Infants of depressed mothers show less “depressed” behavior with their nursery teachers

Martha Pelaez‐Nogueras, Tiffany M Field, Maricel Cigales, Angela Gonzalez, Sara Clasky

Research output: Contribution to journalArticlepeer-review

43 Scopus citations


This study investigated whether infants' “depressed” behavior (i.e., less positive affect and lower activity levels) noted during their interactions with their depressed mothers generalized to their interactions with their nondepressed nursery teachers. Field et al. (1988) reported that infants of depressed mothers also show “depressed behavior” when interacting with nondepressed female adults, suggesting that the infants develop a generalized “depressed mood style” of interaction. However, in that study the adults were also strangers to the infants, confounding the results. in the present study, eighteen 3‐month‐old infants interacted with their depressed mothers and also with their nondepressed familiar teachers in 3‐minute episodes. The infants' behavior ratings improved when they interacted with their familiar teachers compared to their interactions with their mothers. The infants' low activity levels and negative affect were specific to their interactions with their depressed mothers. Thus, the data suggest that the infants respond differentially to depressed and nondepressed adults who are familiar.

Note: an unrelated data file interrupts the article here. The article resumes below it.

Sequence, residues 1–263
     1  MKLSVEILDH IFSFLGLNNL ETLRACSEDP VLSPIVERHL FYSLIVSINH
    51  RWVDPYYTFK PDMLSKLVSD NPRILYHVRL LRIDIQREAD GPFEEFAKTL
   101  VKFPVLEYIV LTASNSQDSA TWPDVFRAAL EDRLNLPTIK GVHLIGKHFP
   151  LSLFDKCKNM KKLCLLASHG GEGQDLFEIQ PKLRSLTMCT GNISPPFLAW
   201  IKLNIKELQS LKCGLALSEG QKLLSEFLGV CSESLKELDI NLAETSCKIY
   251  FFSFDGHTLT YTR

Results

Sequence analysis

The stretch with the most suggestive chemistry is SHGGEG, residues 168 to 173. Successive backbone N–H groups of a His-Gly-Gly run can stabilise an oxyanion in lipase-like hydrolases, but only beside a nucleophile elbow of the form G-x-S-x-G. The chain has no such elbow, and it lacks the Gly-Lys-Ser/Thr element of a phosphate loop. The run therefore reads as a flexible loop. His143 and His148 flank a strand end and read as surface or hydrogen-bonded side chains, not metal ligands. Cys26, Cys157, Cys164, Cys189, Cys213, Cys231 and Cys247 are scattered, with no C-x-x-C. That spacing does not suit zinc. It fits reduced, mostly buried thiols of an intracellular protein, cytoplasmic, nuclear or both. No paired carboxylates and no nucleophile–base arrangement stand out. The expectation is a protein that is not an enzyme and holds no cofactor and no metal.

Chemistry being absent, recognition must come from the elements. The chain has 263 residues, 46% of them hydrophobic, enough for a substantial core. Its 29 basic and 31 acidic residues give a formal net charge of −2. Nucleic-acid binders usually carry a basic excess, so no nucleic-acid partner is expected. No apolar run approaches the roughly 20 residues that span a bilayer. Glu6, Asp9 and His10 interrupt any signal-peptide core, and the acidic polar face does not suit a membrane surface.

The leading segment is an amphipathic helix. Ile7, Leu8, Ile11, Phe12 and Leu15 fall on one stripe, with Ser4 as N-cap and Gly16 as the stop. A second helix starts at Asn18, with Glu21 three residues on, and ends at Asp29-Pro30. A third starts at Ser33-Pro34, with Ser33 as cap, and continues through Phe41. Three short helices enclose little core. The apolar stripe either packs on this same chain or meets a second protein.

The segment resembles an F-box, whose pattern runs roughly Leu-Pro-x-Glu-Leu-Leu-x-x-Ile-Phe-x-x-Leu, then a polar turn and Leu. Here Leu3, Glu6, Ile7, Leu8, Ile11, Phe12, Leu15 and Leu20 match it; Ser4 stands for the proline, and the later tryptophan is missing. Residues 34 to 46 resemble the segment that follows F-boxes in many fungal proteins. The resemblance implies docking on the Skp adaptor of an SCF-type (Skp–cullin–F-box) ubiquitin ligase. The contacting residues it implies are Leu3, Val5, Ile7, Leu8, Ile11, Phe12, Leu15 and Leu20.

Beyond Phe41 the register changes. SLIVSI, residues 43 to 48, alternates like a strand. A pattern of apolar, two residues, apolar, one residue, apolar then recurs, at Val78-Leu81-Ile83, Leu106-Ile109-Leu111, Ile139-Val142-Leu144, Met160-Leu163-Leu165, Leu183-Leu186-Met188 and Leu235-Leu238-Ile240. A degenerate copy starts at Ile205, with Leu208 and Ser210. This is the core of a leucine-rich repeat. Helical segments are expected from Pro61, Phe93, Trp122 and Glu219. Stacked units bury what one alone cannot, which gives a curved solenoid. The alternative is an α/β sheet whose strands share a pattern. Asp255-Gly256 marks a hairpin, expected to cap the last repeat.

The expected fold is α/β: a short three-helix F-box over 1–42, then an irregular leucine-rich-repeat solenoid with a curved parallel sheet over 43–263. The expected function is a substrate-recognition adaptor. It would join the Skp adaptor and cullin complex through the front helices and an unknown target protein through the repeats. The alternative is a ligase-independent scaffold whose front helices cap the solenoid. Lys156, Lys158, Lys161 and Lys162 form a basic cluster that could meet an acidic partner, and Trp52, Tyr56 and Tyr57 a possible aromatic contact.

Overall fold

Original languageEnglish (US)
Pages (from-to)358-367
Number of pages10
JournalInfant Mental Health Journal
Issue number4
StatePublished - 1994

ASJC Scopus subject areas

  • Pediatrics, Perinatology, and Child Health
  • Psychiatry and Mental health
  • Developmental and Educational Psychology


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